So yeah, this is what I've been up to lately, I think it's cool and you might wanna give it a try if you're into programming.

Here's an easy problem example so you can see what it's like:

That website, Codeforces, is my number one recommended website for CP problems and contests, it has thousands of high quality, varied problems, and you can sort by difficulty and tags to practice the kind of problem you want. The difficulty ratings are also pretty accurate in most cases, and they host contests consistently like 2 times a week introducing new problems everytime.

Most people use C++, some use Java (including me), only a few use Python for CP.

Anyway, let me know if you give it a try and what you think of it ^^
I don't have a sicknature
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CP? That's a rather unfortunate acronym isn't it?
[-] The following 1 user says Thank You to FinalCheetah for this post:
  • aaaaaa123456789
(2019-03-22 16:35:48)FinalCheetah Wrote: CP? That's a rather unfortunate acronym isn't it?

I didn't realize. Now I can't unsee it.
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I don't have a sicknature
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I've tried stuff like this, but I don't really find it fun. I enjoy making programs that I would use myself, rather than rushing to solve a random puzzle.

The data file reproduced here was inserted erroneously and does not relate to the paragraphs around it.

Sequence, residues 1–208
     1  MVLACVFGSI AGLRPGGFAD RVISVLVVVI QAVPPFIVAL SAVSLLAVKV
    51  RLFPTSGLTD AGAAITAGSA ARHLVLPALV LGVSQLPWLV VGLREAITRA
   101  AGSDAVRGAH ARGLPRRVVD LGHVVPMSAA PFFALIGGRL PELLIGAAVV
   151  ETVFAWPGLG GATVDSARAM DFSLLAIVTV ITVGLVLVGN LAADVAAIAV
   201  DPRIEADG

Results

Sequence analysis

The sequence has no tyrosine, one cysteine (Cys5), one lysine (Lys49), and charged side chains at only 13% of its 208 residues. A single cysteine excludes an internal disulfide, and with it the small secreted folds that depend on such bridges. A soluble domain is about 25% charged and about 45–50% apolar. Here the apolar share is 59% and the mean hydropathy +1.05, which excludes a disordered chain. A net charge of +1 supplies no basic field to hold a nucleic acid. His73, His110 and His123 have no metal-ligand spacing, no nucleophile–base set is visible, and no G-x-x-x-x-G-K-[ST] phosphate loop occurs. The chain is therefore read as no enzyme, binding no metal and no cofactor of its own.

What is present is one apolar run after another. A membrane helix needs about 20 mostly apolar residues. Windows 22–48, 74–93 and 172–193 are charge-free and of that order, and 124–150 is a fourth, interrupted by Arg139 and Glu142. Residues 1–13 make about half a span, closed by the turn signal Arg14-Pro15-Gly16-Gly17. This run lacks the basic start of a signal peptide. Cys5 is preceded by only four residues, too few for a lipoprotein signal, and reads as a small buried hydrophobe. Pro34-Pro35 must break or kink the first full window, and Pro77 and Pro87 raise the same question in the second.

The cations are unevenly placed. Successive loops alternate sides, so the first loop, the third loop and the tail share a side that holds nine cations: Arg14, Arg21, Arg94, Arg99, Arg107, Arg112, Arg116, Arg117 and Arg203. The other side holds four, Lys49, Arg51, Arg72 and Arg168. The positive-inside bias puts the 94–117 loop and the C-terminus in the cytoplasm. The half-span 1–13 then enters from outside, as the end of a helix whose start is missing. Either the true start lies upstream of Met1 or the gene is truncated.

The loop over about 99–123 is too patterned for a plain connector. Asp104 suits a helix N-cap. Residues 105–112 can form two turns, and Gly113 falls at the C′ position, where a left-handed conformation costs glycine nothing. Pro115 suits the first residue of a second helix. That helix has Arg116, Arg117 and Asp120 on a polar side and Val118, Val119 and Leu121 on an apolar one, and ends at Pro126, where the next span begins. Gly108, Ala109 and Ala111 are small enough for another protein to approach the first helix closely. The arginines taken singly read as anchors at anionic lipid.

[Image: tumblr_nddxf2XzYY1tvf9p0o1_400.gif]
If I had joined it earlier, it would have been a good experience for future use. Why the heck did I quit programming competition project at that time.... Why didn't I find it fun.... Why did I become alone there.... Darn....
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  • Ali
Quote:Allen has a LOT of money. He has n dollars in the bank. For security reasons, he wants to withdraw it in cash (we will not disclose the reasons here). The denominations for dollar bills are 1, 5, 10, 20, 100. What is the minimum number of bills Allen could receive after withdrawing his entire balance?

This isn't a programming problem. This is a math problem. The only programming involved is reading a number from standard input, doing a trivial calculation on it and printing the result from standard output — something even a complete beginner can achieve.

As for the solution, it is purely math-based. It relies on the fact that every number on that list is a multiple of the previous one, which in turn implies that there is no advantage using smaller bills when you can use larger ones. (This is not true when this property doesn't hold: consider the case of withdrawing $12 using $1, $4 and $5 notes — the best solution is to use three $4 notes, and any attempt to introduce $5 notes results in a larger number of notes being used.)
Thus, the best solution uses as many $100 notes as possible, and distributes the rest in change efficiently, using $20 notes first, and so on. There is a simple formula for this solution, assuming that division rounds down and that remainder(x, y) is the remainder of x divided by y:

bills = n / 100 + remainder(n, 100) / 20 + remainder(n, 20) / 10 + remainder(n, 10) / 5 + remainder(n, 5)